The traced family history goes back to the reign of king Kirthi Sri Rajasinghe, (1747- 781) He was the second   Nayakkar king and adopted the same practice of Sinhalisation by taking on a Sinhala name and embracing Buddhism. Not only did he embrace Buddhism but goes down to history as one of the main royal benefactors of Buddhism. In fact the defunct  Upasampada was revived due to his endeavors and many were the temples put up by him all over the country. But then as now there were rebels or a clan who thought differently.

They were not going to be duped by faked ones but wanted an authentic one on the throne, a true Sinhala Buddhist king. So a rebellion erupted that ended unsuccessfully since the oncoming coup d'etat was disclosed to the king by a faithful minister. The punishments seem to have been mild for the king was crafty, only a few were put to death while a famous prelate said to be involved was almost unpunished but many were banished to the low country.

To this category belonged the progenitor of the Gunewardena family who was banished to Mawalgama near Mahiyangama around 1750.  Mahiyangama is in the present Sabaragamuwa province and the family took root there. However this area being rather in the proximity of the Western province displayed signs of the social transformations that took place in the Portuguese and Dutch periods. In fact the village Mahiyangama is sited very close to Malwana, the citadel of Portuguese captains as Azavedo who according to legends of the area threw the Sinhalese who refused to be converted to Roman Catholicism to be devoured by the crocodiles swarming in the Kelani Ganga picturesque elbow bend by the captain's Maligawa (which ruins are still said to be extant).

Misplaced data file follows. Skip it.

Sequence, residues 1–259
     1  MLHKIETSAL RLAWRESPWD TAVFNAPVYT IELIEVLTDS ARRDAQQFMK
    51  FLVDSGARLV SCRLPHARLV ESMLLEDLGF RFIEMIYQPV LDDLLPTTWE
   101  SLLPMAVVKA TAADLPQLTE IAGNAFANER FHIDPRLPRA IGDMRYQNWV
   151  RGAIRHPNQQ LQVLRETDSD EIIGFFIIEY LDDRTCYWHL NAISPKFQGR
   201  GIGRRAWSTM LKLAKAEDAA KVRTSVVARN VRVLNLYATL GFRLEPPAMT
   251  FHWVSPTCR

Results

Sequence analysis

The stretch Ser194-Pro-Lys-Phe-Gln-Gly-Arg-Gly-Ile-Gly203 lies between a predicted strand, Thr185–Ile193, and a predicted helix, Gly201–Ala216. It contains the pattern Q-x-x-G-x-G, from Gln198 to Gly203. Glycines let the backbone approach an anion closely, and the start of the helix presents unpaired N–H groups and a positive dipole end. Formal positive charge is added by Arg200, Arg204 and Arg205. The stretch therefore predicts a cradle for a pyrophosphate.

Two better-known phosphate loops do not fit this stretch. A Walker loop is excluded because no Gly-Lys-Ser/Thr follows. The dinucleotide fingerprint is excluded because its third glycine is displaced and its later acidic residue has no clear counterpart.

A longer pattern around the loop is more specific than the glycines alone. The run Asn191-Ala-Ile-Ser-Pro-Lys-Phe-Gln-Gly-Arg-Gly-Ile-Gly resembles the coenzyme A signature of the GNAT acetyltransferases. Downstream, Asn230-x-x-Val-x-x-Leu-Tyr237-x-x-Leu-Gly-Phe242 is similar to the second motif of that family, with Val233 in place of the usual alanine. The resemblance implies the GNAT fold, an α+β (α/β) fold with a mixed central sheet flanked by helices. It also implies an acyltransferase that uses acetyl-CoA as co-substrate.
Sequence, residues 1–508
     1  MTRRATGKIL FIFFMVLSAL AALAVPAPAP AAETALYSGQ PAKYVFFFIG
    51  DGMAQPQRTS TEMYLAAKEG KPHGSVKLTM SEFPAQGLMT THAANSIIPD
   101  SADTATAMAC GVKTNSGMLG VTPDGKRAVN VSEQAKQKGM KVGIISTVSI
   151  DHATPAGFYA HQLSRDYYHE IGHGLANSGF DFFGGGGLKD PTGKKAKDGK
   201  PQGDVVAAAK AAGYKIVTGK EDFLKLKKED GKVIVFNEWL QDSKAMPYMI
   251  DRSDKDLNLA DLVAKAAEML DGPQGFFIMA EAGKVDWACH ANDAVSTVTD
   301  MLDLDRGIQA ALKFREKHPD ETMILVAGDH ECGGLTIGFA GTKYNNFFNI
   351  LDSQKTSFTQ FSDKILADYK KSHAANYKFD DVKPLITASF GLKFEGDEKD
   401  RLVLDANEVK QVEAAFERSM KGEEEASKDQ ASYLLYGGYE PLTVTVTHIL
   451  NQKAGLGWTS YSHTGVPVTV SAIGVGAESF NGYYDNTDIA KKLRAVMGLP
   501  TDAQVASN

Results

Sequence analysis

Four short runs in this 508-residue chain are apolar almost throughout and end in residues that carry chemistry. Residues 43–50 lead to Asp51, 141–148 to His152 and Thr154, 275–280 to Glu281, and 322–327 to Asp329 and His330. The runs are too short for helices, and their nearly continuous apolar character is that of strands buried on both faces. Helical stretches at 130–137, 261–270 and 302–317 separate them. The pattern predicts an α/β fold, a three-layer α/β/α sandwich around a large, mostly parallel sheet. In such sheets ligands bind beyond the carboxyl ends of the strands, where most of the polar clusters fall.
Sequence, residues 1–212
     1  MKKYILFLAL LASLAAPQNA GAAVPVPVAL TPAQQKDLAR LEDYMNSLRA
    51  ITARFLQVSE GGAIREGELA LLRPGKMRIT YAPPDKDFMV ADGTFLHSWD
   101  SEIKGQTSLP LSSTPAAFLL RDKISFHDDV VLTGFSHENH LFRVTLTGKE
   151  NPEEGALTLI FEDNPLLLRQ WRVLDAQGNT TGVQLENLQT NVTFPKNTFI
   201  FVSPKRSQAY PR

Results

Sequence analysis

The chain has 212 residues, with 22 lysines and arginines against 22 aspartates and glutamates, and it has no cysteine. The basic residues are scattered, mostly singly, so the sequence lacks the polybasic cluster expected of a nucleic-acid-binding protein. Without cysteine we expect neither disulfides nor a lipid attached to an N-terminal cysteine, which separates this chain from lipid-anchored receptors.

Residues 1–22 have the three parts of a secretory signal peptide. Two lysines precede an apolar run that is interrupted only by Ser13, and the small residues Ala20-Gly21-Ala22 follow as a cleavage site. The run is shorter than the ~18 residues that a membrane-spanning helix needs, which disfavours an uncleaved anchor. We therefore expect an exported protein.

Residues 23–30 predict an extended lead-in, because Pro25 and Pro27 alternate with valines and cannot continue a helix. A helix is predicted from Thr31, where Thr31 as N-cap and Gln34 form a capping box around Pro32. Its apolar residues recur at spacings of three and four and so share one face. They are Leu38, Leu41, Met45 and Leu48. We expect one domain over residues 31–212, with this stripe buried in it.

Thus the first three in this family line carry the names, Don Sabanis Rupesinghe, Don Abanis Rupesinghe and Don Bastian Rupesinghe. It is Don  Brumpy Ranasinghe who gets conferred with the name Gunewardena in 1880. Son Don  Jakolis Ranasinghe Gunewardena becomes a village headman in the Samanabedda area. Now we come to the beginning of the 20th century. The emergence of the Boralugoda Gunewardena family belongs to more recent and known history.